Forschungs- & Entwicklungsinformationsdienst der Gemeinschaft - CORDIS

The effects of weaning age (weeks 4 versus 7), social stress, and creep feed intake on the gut integrity in piglets

This study was assigned to confirm if:

- A delayed weaning results in a better performance, gut integrity and welfare of weaned piglets;

- Antibiotic-free, creep-feed intake improves the gut integrity;

- Developing a pig specific ELISA for determination of intestinal fatty acid binding protein (I-FABP) as a potential serological marker for intestinal damage and assessment of welfare in both intensive and extensive management systems.

The first two objectives were targeted in an experiment involving in total 16 litters (160 sucking piglets at 2 days of age). Eight litters were offered creep feed (barley-based) from day 12 of age, and the remaining not. A half of those animals (fed without and with creep feed) was weaned at 4 weeks of age, and the other half at 7 weeks of age. After weaning all piglets were offered the same creep feed. At day 1 pre-weaning, and days 3 and 6, post-weaning seven piglets from each group were euthanized to obtain intestinal tissue slices for studies of macromolecular transport in Ussing chambers. Besides, the morphological indices (villous heights and crypt depths) were measured in these intestinal slices.

Although prolonging the sucking period of piglets from 4 to 7 wk of age resulted in a milder weaning stress (=lower cortisol levels in blood) and slightly longer epithelial villi, no significant differences due to the weaning age could be found in the gut integrity (as measured in terms of net fluid absorption from the intestinal lumen or paracellular transport and I-FABP levels). Despite the consumption of creep feed by piglets up to 4 weeks of age was rather limited, the intestinal paracellular fluxes and villous heights were greater (P<0.05) in comparison to their littermates, which were deprived of the creep feed. Both groups did not differ in cortisol levels (=weaning stress) and the gut integrity (=net fluid absorption and I-FABP levels). Post-weaning growth retardation could be observed in piglets, which received no access to creep feed during 7-week sucking periods.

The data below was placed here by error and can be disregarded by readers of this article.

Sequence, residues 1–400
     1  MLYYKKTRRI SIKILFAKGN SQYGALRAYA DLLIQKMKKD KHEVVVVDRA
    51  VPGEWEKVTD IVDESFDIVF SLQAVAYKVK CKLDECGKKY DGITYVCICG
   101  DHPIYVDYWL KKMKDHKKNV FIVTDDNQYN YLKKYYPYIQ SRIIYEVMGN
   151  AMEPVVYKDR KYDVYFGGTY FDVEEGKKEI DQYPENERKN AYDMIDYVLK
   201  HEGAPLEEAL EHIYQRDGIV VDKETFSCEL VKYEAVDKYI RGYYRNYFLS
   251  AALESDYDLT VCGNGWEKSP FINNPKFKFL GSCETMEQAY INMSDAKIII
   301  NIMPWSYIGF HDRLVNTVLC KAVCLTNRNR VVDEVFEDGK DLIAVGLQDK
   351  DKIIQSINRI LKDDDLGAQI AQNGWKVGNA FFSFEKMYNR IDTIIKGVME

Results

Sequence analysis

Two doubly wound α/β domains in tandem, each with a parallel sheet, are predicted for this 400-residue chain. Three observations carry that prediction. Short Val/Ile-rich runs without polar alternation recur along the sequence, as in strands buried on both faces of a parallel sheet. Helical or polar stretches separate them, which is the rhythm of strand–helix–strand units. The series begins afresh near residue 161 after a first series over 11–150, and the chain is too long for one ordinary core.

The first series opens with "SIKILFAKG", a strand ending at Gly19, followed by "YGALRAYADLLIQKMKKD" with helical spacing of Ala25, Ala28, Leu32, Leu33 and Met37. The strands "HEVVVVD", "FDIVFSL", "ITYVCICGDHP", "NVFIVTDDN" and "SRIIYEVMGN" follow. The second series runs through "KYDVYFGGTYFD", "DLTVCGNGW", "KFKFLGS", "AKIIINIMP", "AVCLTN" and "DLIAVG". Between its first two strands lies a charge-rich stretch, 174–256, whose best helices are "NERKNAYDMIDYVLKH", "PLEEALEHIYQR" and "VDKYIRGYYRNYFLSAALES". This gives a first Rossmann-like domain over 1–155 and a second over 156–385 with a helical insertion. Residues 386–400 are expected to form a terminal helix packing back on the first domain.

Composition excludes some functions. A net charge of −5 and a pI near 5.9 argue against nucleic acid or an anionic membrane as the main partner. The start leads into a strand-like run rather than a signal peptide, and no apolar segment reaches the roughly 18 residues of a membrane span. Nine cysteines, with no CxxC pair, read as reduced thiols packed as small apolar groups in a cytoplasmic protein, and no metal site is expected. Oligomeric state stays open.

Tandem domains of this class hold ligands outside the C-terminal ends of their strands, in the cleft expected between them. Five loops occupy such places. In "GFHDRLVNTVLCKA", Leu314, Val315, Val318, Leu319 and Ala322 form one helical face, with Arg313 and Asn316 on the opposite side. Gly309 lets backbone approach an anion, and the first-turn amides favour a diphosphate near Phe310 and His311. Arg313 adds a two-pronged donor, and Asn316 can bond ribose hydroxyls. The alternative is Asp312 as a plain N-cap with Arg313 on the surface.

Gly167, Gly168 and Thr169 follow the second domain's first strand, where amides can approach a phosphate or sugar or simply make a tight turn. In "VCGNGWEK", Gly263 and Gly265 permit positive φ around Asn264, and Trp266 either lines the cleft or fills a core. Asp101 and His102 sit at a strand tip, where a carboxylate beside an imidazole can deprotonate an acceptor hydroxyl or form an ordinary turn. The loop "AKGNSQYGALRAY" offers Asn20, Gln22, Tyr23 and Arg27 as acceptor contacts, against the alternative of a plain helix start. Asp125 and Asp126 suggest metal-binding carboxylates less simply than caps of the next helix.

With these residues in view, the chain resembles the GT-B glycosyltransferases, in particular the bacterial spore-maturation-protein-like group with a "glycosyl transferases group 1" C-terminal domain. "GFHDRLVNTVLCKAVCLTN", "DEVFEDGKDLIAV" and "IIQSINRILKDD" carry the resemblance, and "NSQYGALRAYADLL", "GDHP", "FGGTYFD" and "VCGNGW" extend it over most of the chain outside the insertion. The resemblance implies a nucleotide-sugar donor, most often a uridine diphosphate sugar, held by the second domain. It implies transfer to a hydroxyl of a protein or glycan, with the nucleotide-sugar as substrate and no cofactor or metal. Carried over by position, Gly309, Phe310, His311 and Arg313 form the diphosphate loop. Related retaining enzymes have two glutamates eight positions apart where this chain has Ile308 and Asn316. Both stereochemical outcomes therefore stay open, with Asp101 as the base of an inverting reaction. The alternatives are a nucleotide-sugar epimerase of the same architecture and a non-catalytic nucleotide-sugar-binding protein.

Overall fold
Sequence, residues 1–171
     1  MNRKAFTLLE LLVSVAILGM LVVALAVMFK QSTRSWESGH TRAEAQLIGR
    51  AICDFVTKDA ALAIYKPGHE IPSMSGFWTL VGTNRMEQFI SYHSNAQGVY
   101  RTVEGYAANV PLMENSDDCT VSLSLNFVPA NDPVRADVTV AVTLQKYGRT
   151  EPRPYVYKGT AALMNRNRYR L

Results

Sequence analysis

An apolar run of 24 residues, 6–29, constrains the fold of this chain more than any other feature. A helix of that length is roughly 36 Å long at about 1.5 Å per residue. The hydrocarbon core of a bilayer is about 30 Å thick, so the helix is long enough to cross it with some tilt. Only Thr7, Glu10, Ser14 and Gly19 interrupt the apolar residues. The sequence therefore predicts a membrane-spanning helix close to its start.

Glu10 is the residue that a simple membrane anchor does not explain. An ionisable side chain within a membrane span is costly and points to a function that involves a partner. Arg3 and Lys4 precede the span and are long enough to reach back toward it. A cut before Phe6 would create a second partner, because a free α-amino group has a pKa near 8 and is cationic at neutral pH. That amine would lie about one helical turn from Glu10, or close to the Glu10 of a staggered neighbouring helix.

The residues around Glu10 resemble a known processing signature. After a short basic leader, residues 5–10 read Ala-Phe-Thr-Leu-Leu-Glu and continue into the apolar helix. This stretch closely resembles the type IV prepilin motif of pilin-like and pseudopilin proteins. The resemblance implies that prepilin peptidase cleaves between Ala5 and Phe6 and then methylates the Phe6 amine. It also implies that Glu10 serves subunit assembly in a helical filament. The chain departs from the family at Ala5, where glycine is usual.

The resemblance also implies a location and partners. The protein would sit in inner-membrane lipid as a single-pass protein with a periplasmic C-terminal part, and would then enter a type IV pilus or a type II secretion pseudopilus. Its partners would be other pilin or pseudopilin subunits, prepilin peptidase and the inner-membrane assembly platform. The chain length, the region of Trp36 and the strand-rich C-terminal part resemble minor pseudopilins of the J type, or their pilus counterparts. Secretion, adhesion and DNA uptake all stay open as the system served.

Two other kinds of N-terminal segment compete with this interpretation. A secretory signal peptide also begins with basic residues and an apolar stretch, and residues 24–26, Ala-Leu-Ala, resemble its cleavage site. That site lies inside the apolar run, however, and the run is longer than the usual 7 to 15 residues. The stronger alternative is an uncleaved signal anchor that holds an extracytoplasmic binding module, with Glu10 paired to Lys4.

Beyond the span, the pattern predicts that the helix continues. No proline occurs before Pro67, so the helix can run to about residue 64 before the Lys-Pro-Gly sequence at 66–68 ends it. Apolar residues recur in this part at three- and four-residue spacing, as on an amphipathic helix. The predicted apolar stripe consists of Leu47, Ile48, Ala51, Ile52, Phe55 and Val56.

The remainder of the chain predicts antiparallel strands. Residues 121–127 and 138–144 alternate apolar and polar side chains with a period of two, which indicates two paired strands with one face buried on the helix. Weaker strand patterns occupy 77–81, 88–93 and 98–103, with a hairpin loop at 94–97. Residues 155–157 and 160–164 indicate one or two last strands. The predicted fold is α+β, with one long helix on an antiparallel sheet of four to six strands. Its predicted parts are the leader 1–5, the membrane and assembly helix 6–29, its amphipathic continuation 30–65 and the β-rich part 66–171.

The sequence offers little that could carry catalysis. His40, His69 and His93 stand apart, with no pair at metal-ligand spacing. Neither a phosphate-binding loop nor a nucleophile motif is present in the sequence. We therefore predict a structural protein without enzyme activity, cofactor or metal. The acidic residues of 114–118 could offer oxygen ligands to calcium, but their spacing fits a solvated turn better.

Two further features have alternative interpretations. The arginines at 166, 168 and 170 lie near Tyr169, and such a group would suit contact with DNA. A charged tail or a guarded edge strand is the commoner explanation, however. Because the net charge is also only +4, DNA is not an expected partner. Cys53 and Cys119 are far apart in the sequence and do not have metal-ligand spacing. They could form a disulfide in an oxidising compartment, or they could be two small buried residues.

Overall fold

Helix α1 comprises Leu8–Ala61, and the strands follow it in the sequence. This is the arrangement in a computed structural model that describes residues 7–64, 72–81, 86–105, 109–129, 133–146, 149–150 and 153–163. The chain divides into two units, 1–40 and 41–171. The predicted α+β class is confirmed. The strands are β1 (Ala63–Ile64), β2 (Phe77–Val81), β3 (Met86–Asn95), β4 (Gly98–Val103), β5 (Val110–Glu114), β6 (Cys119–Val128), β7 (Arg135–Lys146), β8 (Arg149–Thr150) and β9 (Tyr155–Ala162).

Another objective of this study was to develop a pig specific ELISA for determination of I-FABP as a potential serological marker for intestinal damage and rapid assessment of welfare in both intensive and extensive management systems. As demonstrated in human and rat studies, this biomarker is exclusively expressed in intestinal epithelial cells, is a small intracellular protein, has a high level of expression, and is detectable in the circulation and urine.

For this purpose were used 6 young boars (20-25 kg BW). They were anaesthetized to place catheters in the carotid artery + blood flow probe (around the arteria mesenterica cranialis, AMC). After initial blood sampling (t=0), three jejunal segments (10-20cm) were ligated, and again blood sampling was carried out (t=30 min and further in 15min intervals). At t=60min was a clamp placed around AMC (to get 90% ischemia). At t=60, 120 and 150min the ligated loops were removed, and the mucosal layer was removed. Afterwards, the measurements of macromolecular permeability using horse radish peroxidase (HRP) were carried out in Ussing chamber for 2 h. After 90 min clamping, the intestines were re-perfused and blood flow re-established as normal.

The EDTA-plasma was tested with ELISA test kit for humans with rabbit polyclonal antibodies, and purified human I-FABP as standard. During 60min of surgery plasma I-FABP appeared to be stable (=no intestinal damage). At 90% ischemia, a rapid increase of I-FABP during 30min, and plateau after 60min (at t=120min). Reperfusion at 150min had no impact on plasma I-FABP (whereas in rodents ischemic injury is exacerbated).

In conclusion, we found that a rise of I-FABP in plasma coincides with increased intestinal permeability due to ischemia. Alike in humans, plasma I-FABP concentrations in pigs can be used as sensitive biomarker of (mild) damage of the intestinal mucosa. The porcine I-FABP cDNA sequence has been determined and it appeared to be of a high identity with homologous genes from other species. This sequence allows us to clone and purify recombinant porcine I-FABP in order to raise specific antibodies and develop an assay for porcine I-FABP. A key innovative feature is that the established values of I-FABP can serve as as a rapid diagnostic tool for monitoring "on site" the pig intestinal health status and welfare.

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Reported by

Animal Sciences Group Lelystad
Edelhertweg 15
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